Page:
Adobe Flash CS4 & F1 Help Continued

So I previously posted about my hatred for the new help system inside of the CS4 products and begged for someone to find out how to get the old help panel back. While the following isn’t a complete solution to the issue, it is a lot better than having to go online all the damn time.

Jloa, a commenter on the previous post, pointed out that you can delete these files on the PC and you’ll get a local help panel:

C:\Program Files\Common Files\Adobe\Help\en_US\Flash\10.0_ExtendingFlash\helpmapBaseUrl.txt

and this one:

C:\Program Files\Common Files\Adobe\Help\en_US\AS3LCR\Flash_10.0\helpmapBaseUrl.txt

While that isn’t ENTIRELY true (because it’s not an actual panel inside of the IDE like it used to be, still a browser but a local copy) I couldn’t find these files on a Mac which is what I’m using. I did a little Googling for helpmapBaseUrl.txt (can someone tell me why when I put that into Spotlight it didn’t find anything..?) and found this article.

From reading that, I was able to locate the files on my file system in the following areas:

Macintosh HD/Library/Application Support/Adobe/Help/en_US/Flash/10.0_ExtendingFlash/helpmapBaseUrl.txt

and

Macintosh HD/Library/Application Support/Adobe/Help/en_US/AS3LCR/Flash_10.0/helpmapBaseUrl.txt

Instead of deleting the files (you never know when you’ll need them again), I just renamed them to helpmapBaseUrl_baq.txt.

I also found these two as well and renamed them, just to keep it all together:

Macintosh HD/Library/Application Support/Adobe/Help/en_US/Flash/10.0_UsingFlash/helpmapBaseUrl.txt

and

Macintosh HD/Library/Application Support/Adobe/Help/en_US/Flash/10.0_Welcome/helpmapBaseUrl.txt

Now when I launch Flash (you have to re-launch Flash, by the way, after you make these changes) and press F1 I get a browser window popping up but its a) much faster and b) local to my file system. You can see in the browser bar that the path starts with file:/// which means its running from your hard drive. From there, I go ahead and click on ActionScript 3.0 Language and Components Reference and I get a nice little window with all the information I’m looking for, fully searchable. You’re probably saying to yourself, “This is the same thing that I could get by just going here!” And you’re absolutely right. But notice the little subtle difference. Where is the Search field in the online version? There isn’t one! If you search the local copy, you get a nice list of results that include what you were looking for as well as other classes that relate or include that class.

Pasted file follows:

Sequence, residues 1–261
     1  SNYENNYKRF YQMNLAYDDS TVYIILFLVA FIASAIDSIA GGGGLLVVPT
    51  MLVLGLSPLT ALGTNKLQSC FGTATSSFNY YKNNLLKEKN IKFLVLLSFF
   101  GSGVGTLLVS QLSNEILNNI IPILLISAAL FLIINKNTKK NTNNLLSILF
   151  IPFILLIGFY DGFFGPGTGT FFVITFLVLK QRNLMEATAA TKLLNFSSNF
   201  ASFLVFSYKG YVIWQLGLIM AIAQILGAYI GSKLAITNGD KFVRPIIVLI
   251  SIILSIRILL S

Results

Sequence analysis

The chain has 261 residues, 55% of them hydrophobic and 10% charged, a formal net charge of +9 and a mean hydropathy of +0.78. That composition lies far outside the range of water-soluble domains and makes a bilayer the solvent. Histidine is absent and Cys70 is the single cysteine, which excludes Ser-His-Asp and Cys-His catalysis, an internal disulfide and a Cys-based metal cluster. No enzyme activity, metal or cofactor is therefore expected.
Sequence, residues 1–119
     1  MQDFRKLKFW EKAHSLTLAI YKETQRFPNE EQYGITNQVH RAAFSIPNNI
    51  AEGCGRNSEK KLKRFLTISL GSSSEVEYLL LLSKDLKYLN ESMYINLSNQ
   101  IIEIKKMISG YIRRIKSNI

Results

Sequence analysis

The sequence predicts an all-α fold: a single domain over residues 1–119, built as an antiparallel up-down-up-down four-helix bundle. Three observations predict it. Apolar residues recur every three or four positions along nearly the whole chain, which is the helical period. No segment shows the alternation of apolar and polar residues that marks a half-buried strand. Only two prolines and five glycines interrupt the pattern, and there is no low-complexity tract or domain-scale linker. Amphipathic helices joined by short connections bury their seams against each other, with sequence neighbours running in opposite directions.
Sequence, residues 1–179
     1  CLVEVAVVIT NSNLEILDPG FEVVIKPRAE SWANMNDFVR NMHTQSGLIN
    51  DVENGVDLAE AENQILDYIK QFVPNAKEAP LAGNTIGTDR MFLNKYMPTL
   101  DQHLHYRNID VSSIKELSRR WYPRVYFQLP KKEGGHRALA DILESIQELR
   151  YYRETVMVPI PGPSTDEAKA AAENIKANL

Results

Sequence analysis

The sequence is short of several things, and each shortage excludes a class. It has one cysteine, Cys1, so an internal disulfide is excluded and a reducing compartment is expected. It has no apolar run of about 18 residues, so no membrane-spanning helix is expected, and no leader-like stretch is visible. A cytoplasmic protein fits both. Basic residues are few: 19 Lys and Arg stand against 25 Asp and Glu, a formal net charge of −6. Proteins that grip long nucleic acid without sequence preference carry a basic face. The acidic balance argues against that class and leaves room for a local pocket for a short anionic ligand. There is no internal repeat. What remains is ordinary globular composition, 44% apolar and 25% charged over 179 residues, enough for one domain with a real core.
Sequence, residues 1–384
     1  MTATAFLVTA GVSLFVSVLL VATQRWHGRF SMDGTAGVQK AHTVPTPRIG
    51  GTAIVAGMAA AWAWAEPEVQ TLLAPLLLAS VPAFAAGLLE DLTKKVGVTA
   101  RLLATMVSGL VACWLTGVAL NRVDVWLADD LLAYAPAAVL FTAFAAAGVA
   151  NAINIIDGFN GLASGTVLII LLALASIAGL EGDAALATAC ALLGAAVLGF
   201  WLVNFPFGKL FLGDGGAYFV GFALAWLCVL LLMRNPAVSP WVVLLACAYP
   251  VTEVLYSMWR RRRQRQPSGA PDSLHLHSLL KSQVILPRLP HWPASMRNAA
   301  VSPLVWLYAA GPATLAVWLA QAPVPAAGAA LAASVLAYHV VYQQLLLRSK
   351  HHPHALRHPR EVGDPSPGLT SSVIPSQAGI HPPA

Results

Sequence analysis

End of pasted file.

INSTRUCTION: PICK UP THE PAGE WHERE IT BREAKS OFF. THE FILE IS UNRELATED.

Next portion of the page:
While it’s not the ultimate solution like the CS3 help panel was, it is a lot more helpful than the garbage Adobe was shoving down our throats initially. Someone mentioned that there should be a preference setting for this, viewing the online version or the local one, which I totally agree with, but for now, this will have to do.

If you found this post useful, please consider leaving a comment, subscribing to the feed, or making a small donation.

13 Comments

I just found about this lack of help in CS4, so was very grateful to at least find your partial solution to the problem.

Adobe have made some pretty crap UI decisions before now (the general behaviour of the Flash CS3 UI for starters!) – but removing the internal help system is a whole new level of retardation for them.

The mind boggles.

Hi folks. We hear your pain and are working on solutions to improve the situation. In the meantime:

If you’re connected to the Internet, the Help menu within the product opens the product Help and Support page by default. This page is a portal to all of the Community Help content for the product. If you want to consult or search online product Help only, you can access it by clicking the product Help link in the upper-right corner of the Help and Support page. Once inside the Adobe Help for the product, be sure to select the This Help System Only option before you do your search. Otherwise, Adobe content and Community content will be returned in the search results.

If you’re not connected to the Internet, the Help menu within the product opens local Help, which is a subset of the content available in online product Help. Because local Help is not as complete or up-to-date as online product Help, Adobe recommends that you use the PDF version of product Help if you want to stay off-line.

A downloadable PDF of complete product Help is available from two places:
– The product’s Help and Support page (upper-right corner of the page)
– Local Help and web Help (top of the Help interface)

If you are working in Adobe InDesign, Photoshop, Illustrator, Flash, Fireworks, or Dreamweaver, and you want to turn off Community Help so that local Help opens by default, do the following:
1. Open the Connections panel (Window > Extensions > Connections).
2. From the Connections panel menu , select Offline Options.
3. Select Keep Me Offline and click OK.

Seriously, removal of the integrated Flash panel is a stunning choice for Adobe to have made. As an active Flash dev shop, who prefer to construct our projects primarily in Actionscript, having to opt to an external application to peruse the Flash class definitions seems to be an unnecessary and silly roadblock.